By Katarina Gregersdotter, Johan Höglund, Nicklas Hållén
This primary full-length scholarly examine approximately animal horror cinema defines the preferred subgenre and describes its starting place and heritage within the West. The chapters discover a number of animal horror movies from a few various views. this can be an imperative research for college students and students of cinema, horror and animal reviews.
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Extra resources for Animal Horror Cinema: Genre, History and Criticism
27) in the process. While all of these interpretations, arguably, tell us more about the scholars interpreting Jaws than the shark as an object of analysis, Fredric Jameson has claimed that the multiplicity of possible interpretations ‘suggests that the vocation of the symbol—the killer ‘They are a fact of life out here’ 41 shark—lies less in any single message or meaning than in its very capacity to absorb and organize all of these quite distinct anxieties together’ (1979, p. 142). Nigel Morris has continued this idea, claiming that through its enigmatic meaning, ‘[t]he shark […] ceases to be a metaphor’ (2007, Chapter 4).
Though, perhaps, as Cynthia Freeland suggests, it is the incomprehensibility that makes it a true horror film (2004, p. 193). As important and popular as The Birds was, it did not spawn many copies. No attempt at a sequel was made until 1994 when The Birds 2: Land’s End premiered on television to very poor reviews. A more recent spate of bird horror film links bird aggression to mad cow disease (Kaw, 2007), and to avian influenza (Flu Bird Horror, 2008). In Birdemic: Shock and Terror (2010), often referred to the best worst movie ever made, and Birdemic 2: The Resurrection (2013), the bird invasion is tied to to environmental causes.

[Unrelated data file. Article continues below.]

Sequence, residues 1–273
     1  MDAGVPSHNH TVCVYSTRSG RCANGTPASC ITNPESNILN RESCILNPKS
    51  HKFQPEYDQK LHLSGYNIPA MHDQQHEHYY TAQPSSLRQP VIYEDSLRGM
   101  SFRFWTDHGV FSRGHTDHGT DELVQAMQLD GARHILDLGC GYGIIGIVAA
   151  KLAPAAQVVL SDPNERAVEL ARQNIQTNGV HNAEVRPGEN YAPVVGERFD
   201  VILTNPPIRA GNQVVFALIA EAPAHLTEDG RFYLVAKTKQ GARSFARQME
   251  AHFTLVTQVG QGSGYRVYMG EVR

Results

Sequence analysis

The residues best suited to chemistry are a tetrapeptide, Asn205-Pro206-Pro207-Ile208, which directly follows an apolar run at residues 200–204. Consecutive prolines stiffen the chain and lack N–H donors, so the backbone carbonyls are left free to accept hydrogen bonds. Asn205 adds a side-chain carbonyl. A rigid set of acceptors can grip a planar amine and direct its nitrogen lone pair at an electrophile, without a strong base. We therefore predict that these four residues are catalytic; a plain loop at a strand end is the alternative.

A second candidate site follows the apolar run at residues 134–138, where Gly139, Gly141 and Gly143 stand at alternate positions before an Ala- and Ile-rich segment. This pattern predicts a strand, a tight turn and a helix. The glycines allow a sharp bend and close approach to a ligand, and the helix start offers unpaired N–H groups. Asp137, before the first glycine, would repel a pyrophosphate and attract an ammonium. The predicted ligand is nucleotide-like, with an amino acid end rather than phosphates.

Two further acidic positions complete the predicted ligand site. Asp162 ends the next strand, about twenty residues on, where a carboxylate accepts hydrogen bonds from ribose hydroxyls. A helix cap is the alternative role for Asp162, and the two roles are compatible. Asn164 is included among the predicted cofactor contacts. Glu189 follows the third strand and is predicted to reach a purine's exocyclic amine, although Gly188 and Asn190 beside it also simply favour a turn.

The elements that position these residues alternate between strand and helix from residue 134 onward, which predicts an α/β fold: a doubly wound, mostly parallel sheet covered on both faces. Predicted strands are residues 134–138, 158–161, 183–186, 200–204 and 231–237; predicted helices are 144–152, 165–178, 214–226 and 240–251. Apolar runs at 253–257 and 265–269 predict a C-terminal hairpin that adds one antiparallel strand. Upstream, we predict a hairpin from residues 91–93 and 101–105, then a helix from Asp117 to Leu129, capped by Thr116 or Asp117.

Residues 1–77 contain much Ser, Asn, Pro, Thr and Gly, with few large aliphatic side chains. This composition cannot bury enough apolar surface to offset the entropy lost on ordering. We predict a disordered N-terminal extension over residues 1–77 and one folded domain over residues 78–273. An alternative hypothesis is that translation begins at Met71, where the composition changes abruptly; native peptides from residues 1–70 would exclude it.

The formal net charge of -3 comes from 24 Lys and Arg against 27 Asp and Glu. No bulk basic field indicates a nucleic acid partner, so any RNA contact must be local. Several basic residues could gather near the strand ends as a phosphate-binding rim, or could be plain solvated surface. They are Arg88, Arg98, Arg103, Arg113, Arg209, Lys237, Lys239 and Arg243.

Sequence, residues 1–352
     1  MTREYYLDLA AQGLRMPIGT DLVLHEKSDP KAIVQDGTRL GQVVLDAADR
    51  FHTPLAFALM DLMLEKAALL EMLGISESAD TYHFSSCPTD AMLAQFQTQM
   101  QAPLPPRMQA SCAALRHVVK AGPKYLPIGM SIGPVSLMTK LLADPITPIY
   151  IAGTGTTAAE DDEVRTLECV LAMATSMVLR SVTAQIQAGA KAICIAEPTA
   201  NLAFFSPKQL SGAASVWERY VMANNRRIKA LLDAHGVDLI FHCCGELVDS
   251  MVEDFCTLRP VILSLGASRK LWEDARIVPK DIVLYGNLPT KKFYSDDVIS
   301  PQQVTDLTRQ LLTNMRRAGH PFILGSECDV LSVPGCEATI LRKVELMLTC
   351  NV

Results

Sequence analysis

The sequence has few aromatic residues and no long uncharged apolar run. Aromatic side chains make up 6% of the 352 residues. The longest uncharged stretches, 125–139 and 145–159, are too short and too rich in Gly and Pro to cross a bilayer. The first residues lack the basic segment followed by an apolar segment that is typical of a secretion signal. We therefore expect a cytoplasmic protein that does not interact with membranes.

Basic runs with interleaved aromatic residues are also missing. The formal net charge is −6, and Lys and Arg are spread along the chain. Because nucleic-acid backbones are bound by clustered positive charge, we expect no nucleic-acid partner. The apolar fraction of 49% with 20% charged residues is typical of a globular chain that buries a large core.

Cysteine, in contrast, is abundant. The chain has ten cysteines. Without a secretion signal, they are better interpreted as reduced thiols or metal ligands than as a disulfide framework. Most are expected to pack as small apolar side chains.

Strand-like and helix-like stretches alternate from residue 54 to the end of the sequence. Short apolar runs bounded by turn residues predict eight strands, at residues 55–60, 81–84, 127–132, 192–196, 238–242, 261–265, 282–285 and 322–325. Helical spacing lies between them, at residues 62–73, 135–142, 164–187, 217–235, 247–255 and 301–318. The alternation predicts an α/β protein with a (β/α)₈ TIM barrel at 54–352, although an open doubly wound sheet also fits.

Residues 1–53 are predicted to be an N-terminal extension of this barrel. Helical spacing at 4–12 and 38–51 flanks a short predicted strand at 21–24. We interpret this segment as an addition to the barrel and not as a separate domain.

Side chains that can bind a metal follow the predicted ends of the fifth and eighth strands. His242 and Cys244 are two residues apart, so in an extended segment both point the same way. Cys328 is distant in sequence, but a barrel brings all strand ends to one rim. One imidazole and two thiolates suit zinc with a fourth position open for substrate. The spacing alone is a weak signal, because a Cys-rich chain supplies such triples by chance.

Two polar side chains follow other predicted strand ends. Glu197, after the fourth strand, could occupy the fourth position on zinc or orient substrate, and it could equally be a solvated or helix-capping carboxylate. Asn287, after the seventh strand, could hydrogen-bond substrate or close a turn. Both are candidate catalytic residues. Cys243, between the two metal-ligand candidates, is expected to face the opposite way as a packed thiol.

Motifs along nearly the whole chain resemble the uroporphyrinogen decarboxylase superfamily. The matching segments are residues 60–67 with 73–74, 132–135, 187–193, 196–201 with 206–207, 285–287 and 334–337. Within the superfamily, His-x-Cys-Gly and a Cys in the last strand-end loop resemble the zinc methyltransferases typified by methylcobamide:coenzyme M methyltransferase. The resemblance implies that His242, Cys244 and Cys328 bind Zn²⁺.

Finally, Johan Höglund’s contribution, Chapter 13, ‘Simian Horror in Rise and Dawn of the Planet of the Apes, discusses the way in which the Planet of the Apes series of films explores human and animal relations by inverting their positions. Relying on Agambens’ notion of the Homo Sacer and the Anthropological Machine, Höglund illustrates how the most recent instalments of the series, Rise and Dawn of the Planet of the Apes, frighten the audience not by picturing the human challenged by the predatory animal, but by collapsing the border between the two and by suggesting that the true predator is the machine that continually produces this border.